@HotDudesReading: Yes or No?
Is the Instagram sensation creepy or revolutionary?
It’s sure to happen. It’s late at night, maybe 1 or 2 a.m., and suddenly the smartphone user finds herself perusing Instagram, either stalking crushes or gushing over pictures of bunnies. In that duration, she may have stumbled upon a relatively new, yet already popular account called @HotDudesReading.
A double standard prevails.
Yes, there is an Instagram account where a person captures very handsome men reading, with or without their knowledge. One might ask where the problem lies in admiring the beauty of an attractive person doing an attractive activity, and gaining Insta-fame over it. Well, admiration has its limits.
These pictures are creepy. This account features sly photos of men, in crowded areas. Some men look like they posed, and others make us want to smack our foreheads. How could you not tell that someone 10 inches away from you is taking your picture? It doesn’t sound too bad, but if a person were to ride the light rail and suddenly their face was accessible to thousands of online users, the result wouldn’t be good.
The photo captions are also ridiculous—incredibly vulgar and unnecessary. One, for example, is “When he puts down that book I hope he’ll give me some tips.” There’s almost a 100 percent chance that this person wouldn’t say that to the man themselves. This further perpetuates the social media bravery-behind-a-screen scenario that’s become all too familiar.
Most importantly, imagine if the roles were switched. If there were an account of women reading, there would be a feminist outcry, and for good reason. The creator would likely be deemed a sexual predator, and would receive a lot of hate from several angles. However, because this Instagram is solely dedicated to men, a double standard prevails.
It’s not okay for someone to be taking photos of men without their consent, and then commenting on what you’d like to do to them. @HotDudesReading is making these men into sexual objects and nothing more. These men are being judged based solely on appearance, which speaks against openmindedness and acceptance. @HotDudesReading might be enjoyable and we might find these men attractive, but the underlying context behind this account is unappealing.
Under the all-seeing male gaze, women are constantly surveilled—their actions evaluated and picked apart for the simple fact that they’re women. Flipping that gaze, then, by putting men under the gaze and picking them apart, may be justly giving them a taste of their own medicine.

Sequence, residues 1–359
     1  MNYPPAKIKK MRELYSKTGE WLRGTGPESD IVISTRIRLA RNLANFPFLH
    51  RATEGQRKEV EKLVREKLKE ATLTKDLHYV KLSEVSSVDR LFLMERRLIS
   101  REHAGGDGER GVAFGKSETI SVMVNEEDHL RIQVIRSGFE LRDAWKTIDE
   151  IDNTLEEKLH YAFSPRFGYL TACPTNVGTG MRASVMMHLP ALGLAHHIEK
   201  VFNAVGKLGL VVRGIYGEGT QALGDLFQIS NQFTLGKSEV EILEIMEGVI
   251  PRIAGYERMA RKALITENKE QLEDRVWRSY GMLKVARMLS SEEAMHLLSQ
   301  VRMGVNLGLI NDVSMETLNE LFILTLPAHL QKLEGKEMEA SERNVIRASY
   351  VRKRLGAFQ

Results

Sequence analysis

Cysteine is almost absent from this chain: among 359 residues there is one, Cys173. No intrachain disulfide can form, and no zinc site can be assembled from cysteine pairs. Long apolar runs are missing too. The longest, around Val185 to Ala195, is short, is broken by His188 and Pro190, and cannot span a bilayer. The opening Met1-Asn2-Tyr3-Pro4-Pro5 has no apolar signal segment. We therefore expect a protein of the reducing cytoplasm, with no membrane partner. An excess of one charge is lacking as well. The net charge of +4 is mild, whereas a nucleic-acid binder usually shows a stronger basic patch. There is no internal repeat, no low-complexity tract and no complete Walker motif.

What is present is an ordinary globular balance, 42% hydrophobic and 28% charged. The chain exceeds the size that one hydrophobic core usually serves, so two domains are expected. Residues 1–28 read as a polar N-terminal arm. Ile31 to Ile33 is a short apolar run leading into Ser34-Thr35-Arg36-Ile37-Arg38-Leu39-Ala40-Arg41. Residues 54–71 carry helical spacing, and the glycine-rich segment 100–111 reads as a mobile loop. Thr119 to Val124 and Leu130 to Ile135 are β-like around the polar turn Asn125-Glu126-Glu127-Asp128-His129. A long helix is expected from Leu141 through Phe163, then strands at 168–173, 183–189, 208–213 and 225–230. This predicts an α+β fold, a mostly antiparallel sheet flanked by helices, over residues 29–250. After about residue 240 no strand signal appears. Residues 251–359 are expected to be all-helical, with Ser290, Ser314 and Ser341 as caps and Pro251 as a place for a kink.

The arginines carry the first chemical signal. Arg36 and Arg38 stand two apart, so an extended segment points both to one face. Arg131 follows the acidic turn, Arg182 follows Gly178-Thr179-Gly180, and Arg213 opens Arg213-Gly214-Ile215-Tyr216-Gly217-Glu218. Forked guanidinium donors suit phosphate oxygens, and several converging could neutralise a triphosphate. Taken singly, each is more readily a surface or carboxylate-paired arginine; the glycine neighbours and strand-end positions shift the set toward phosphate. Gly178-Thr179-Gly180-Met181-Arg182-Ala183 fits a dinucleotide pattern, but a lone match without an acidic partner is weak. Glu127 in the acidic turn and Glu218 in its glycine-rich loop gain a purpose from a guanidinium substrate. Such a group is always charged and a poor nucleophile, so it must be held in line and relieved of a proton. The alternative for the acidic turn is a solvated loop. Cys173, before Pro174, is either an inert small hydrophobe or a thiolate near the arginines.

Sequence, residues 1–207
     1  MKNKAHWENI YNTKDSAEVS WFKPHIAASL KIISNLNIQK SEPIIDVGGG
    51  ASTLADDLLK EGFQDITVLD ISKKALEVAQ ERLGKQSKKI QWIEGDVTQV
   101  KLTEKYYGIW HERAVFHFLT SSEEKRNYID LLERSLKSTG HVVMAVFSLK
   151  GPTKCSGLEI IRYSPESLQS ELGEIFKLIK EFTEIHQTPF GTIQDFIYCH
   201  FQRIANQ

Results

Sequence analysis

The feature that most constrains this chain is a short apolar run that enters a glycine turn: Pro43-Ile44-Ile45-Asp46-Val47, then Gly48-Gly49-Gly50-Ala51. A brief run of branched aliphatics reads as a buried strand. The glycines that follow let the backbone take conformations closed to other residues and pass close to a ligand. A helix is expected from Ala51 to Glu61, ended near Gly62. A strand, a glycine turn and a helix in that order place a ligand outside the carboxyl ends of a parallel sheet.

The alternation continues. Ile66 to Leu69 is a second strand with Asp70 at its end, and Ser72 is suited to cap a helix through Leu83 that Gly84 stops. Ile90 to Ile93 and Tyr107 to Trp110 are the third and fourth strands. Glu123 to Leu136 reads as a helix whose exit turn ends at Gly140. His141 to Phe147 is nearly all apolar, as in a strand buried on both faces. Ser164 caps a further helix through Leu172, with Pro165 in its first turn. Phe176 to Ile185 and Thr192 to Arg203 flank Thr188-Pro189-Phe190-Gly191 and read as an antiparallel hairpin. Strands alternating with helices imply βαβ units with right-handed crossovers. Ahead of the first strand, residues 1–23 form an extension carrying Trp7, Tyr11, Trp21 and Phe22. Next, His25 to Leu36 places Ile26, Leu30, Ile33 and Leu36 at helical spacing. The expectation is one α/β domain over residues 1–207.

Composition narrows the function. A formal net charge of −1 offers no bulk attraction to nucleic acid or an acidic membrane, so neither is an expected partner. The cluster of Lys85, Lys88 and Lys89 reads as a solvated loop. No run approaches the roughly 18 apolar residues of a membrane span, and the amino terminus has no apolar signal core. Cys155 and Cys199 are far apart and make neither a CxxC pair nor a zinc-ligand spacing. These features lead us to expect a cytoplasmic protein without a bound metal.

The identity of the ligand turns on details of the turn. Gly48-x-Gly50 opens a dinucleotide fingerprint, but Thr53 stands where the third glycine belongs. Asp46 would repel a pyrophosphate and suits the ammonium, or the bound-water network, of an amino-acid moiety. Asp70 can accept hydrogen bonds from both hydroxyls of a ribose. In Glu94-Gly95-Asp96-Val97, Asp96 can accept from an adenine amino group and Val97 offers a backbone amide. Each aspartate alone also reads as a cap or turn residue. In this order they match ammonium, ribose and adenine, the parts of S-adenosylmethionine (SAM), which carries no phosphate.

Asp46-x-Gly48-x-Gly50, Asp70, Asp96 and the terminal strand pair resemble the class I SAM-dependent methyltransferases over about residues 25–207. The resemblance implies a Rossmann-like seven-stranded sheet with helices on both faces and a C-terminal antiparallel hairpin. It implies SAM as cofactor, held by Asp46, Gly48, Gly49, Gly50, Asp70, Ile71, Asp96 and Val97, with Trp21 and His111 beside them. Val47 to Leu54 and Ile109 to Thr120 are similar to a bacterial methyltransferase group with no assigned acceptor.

Creepiness is a form of power.
@HotDudesReading is something of an Internet sensation. The intrepid Instagrammers behind the project snap—and accept submissions of—candid photos of men on subways around the world doing exactly what one would expect: reading. Staged or not, the project’s aesthetic bears resemblance to the creepshot phenomenon, complicating the works.
Whether or not the pictures are staged, @HotDudesReading privileges more voyeuristic pictures, where the men reading seem to be seen without their knowledge or consent. This dynamic is more common in the realm of upskirt shots of women. Switching the script, @HotDudesReading exerts pressure against these norms. Ogling men in public isn’t as openly practiced as ogling women.
The account is creepy, but maybe that’s the point of it all. By being allowed a medium through which to practice the gaze itself, women are given access to a power and privilege they’re not often privy to. At the same time, the very foreign nature of simply watching men contrasts and implicitly condemns the common practice of objectifying women.
Creepiness is a form of power. It’s the ability to insert one’s presence and intent into a space, without it being explicit, to the negation of others’ agency. To make men feel creeped out, then, is a form of protest. @HotDudesReading makes objectifying men the norm in its series, and that is a paradigm shift.
It’s a small and contained shift, to be sure, but that small nature makes the dramatic possibilities it implies much more palatable. Change starts at the lower levels and spirals outward. @HotDudesReading gives a small dose of feminist critique to a wide audience that may not come across it otherwise.
And even outside of that, the dudes themselves are worth a couple views anyways.
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